Earl Black wrote: The hottest match I ever saw, was the bare knuckle tag boxing match between brothers Rudy Kay and Leo Burke, and the team of Freddie Sweetan and Justice Du Bois. It took place on a hot summer night at the end of the season in the Maritimes, in Halifax, Nova Scotia, in 1972. Du Bois really was a judge, and Sweetan was a giant ex-paratrooper. The story was that Du Bois had beaten up Leo Burke in a bar, prompting ex-boxer Rudy Kay to challenge Du Bois to a bare knuckle boxing match. Du Bois said he would fight him, if he could choose a partner. The partner turned out to be the 6ft5 350lb Sweetan, and Leo Burke became Rudy’s partner. I wrestled Bobby Kay in an earlier match. Animosity had been building for months, Du Bois and Sweetan were hot, and Rudy and Leo were local heroes, as they were from near Moncton. Not only was the stadium sold out, but ten thousand people turned up outside and listened to the deafening noise from the fans inside. The ban on bare knuckle fighting was overcome by wearing tape on the hands. The match was furious, brutal and very dirty, Du Bois biting Rudy and stomping him with his jackboots. There did not seem to be any rules, except last man standing wins. Sweetan beat hell out of Leo and made him bleed profusely. Leo finally managed to tag Rudy in, who out-boxed Sweetan and Du Bois, soon it was a bloodbath. The fans were on their feet screaming through the whole match, which lasted about 25 minutes. When Rudy knocked out Du Bois, the whole town exploded. It was an experience I will never forget.
Earl Black wrote: Killer Karl Krupp caused a riot on the way from the dressing room in St Johns. He had a hiding place for his car in St Johns. It was under a garage, so we would fill up with petrol, and Krupp paid the garage owner to hide his car so that fans could not destroy it. The garage owner had never been to a match, so Krupp got him tickets. After he had seen Krupp in action, the garage owner smashed up the car. Krupp got wrestlers barred from half the hotels in the Maritimes. One had been enough. Krupp was actually born in Holland, and suffered under the Nazi occupation as a child.
Earl Black wrote: Hal Morgan, the promoter I worked for in Sydney, was very tough and sadistic. He was an excellent submission wrestler, specializing in tearing peoples heads off. Wrestler Lennie Holt found this to his cost, lying still with sandbags either side of his head in hospital after falling foul of Hal. In the 1960s, wrestlers working for Hal thought that he should pay them more, and decided to strike. A meeting was arranged at Hals gym, under a railway arch in Glebe, a Sydney suburb. I was not at the meeting, being in New Zealand at the time, but I heard that the furious Hal offered to fight all of them. I heard that they all walked away.. I asked my tag partner, Jan Janssen, if it was true, did he walk away too. Janssen replied “No, that’s not true – - – - – I ran as fast as my legs would carry me!”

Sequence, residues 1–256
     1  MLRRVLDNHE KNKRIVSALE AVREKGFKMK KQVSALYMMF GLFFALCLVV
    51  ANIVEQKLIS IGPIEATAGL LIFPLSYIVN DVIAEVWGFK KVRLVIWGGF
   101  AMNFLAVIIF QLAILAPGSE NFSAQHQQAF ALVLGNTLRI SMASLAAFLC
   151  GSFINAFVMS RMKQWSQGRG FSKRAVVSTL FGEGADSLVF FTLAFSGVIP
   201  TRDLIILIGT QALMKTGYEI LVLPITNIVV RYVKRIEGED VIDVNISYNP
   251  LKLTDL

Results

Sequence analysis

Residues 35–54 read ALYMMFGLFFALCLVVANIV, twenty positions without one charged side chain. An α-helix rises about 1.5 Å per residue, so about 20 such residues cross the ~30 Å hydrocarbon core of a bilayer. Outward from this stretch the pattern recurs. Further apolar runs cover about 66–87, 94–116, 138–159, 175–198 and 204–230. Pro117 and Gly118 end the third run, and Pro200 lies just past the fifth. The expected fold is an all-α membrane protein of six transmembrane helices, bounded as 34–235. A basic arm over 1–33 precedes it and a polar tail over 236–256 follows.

Earl Black wrote: Paul Graham was an Australian wrestler and bodybuilder. He was a good con man. I watched him at work in New Zealand when I was his minder for the battle of the bands. He got an airline to put up the prize, air tickets to London and work for the band. Then he got coca cola to provide huge fridges for all the coke he would sell. He advertised in the papers (on tick), and got 50 bands in each of four main cities in NZ. Each band had to sell 50 tickets at a pound each to enter the battle, which went on from midday till midnight in Wellington, Auckland, Dunedin, and Christchurch. Television gave him free airtime and interviews, so he decided to promote wrestling too. I went on TV with him one night to promote the coming wrestling matches, but the interviewer side tracked him by talking about bodybuilding, and he completely forgot to mention the wrestling. The matches were a great success, anyway. He made a fortune from the wrestling, and the first three battle of the bands. The airline company must have smelt a rat, as they pulled out before the final battle in Dunedin, so there was no prize. Paul quickly found a mark to buy the promotion, sold all the coke and the fridges, took all the money, and left the mark to pay for the prize. When I got back to Sydney, he had opened a gym at Bondi. He was sleeping in a flat above the gym, with three great Danes on top of him. He would awake now and then, and curse the dogs for “stealing my air.” Paul took over the Mr. Universe contests in Australia, using his usual tactics..
Earl Black wrote: I carried on with the tattooing after I quit wrestling. They are buddhist tattoos, and all mean something to me. The back piece is Hamanasuke, the wrestler, attacked by bandits after leaving the temple. The eagle is the buddhist emblem of Hong Kong. The horse is Apple, she belonged to a nurse who was my girlfriend in Florida. [Pictures can be found in the Earl Black Photo Gallery]